Here is a crankless starter for a early Brass car
It is a valve that you attach to your carbide generator and then to your engines intake manifold
My understanding is you turn on the valve flood your motor with gas hit the coils and hold on.
Does anyone know anything about these
That's the button on Trump's desk...
What does the valve look like on the back side and do you have the rest of it?
Carbide starting systems were used with tanks rather than generators as the tank can supply a constant known pressure.
A charge in the intake manifold would have to be hand cranked into the cylinders to work.
Prest-O-Lite offered one and this is an add from one of the trade magazines. Uses a running board acetylene tank and a valve operated by the driver to "start on compression".
It says the acetylene is piped into the intake manifold. That sounds like using acetylene like starting fluid as Layden says above.
Ken in Texas
(Message edited by drkbp on February 06, 2018)
Notice in the Prest-O-Lite ad that you can see the piping to each cylinder, yes there also was a connection to the intake manifold. Without connections to the cylinders the ignition will not set off a charge and drive piston down unless you hand crank the engine to get the carbide gas from the intake manifold into one or more cylinders.
At the time there were also systems that used a big spring to crank the engine or compressed air to spin the engine.
Along the way to the present some aircraft engines used a devise akin to a shotgun shell.
Lots of ideas on how to do it, we all know what system won out, at least on cars as larger engines still use air systems.
My impression from the ad is that the acetylene is fed directly to the cylinders for starting. That's why a six-cylinder unit costs more than a four. In "cool" weather, it's also (by opening a valve on the dash) fed to the manifold so the engine will continue to run on acetylene until it's warm enough to be switched over to gasoline. That says volumes about the lousy gas available in those days.
This is part of a compressed air starter from about 1912.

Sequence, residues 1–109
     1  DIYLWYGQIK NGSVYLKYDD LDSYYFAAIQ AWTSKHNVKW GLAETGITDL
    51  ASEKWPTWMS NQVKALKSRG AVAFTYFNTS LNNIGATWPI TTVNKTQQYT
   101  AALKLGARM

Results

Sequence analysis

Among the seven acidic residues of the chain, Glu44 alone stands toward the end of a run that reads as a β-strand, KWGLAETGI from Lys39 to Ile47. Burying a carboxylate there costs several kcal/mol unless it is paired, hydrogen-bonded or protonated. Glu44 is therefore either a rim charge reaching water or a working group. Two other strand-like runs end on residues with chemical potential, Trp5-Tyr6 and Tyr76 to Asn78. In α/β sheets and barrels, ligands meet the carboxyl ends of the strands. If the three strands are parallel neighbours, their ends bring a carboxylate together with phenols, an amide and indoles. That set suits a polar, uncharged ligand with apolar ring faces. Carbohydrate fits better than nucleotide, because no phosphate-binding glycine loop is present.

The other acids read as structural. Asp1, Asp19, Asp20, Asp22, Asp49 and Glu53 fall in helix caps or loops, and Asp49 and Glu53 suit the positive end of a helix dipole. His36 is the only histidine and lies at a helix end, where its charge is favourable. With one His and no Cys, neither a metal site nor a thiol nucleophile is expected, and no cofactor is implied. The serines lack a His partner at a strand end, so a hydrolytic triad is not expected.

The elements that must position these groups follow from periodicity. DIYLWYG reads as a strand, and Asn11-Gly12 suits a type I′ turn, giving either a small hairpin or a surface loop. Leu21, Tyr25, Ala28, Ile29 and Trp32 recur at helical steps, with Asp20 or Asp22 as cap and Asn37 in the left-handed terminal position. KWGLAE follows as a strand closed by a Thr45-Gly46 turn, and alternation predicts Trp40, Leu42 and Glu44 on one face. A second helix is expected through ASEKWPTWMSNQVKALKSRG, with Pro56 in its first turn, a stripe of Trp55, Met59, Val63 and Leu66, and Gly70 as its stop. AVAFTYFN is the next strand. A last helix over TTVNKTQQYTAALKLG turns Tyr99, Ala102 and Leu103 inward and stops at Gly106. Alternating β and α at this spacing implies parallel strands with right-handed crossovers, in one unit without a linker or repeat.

overland used a gas starter in 12-13 there's must have worked ok. charley
I have seen a few compressed air starters that were in working condition, and several cars with "parts" of acetylene starters. I have not yet personally seen a fully functional acetylene starter. I used to hope to have one some day. Don't think that day will ever come.
This is all there is to it one line in one line out
If you ever want to be woke up with a start, try being asleep on an offshore rig, or anywhere in the oilfield, and have one of the air start diesels crank up next to you, you will awaken instantly and be ready to go, and sure won't be able to go back to sleep. there is no sound like it.
Here is one similar which is plumbed to a Presto-Lite tank. Supplies acetylene gas into the cylinders when the T engine is stopped. That pre-charges the cylinders for a gas BOOST "free start" when you flip the ignition switch to Bat.
Here are a few photos of the Disco starter on my 1913 Buick.
Hey Chris....is your Buick the same one your grandfather owned ?? Nice restoration !!
Wow-good memory. It is a different car. His is a 1913 Model 25 (small touring) and mine is a 1913 Model 30 (big roadster). My father owns the touring car now.
Two previous posting on the Prest-o-lite starter. The first one has links to the patent -- see:
The second one had been fitted to a Model T -- see:
http://www.mtfca.com/discus/messages/331880/342467.html?1361112970 and has a link to instructions in the Dykes Encyclopedia for both the Prest-o-Lite and compressed air starters.
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Grady, your post brought back some fond(?) memories for me. Back in the mid '70's, I worked in a small local welding/machine shop. We had done some work on a diesel truck tractor,maybe a Freightliner. The guy drove it into the shop and shut it off. We got the job finished the next day and were standing with the boss as he figured up the bill. He came back to pick up the truck and hit the starter as we were standing right beside it. We had no idea that it had an air starter when he brought it in. Believe me, it got our attention REAL quick when he hit that thing in that small bay! I didn't even know they had such a thing until that day, but I knew after that! . I think that was the only one I ever saw, but it made a lasting impression! Dave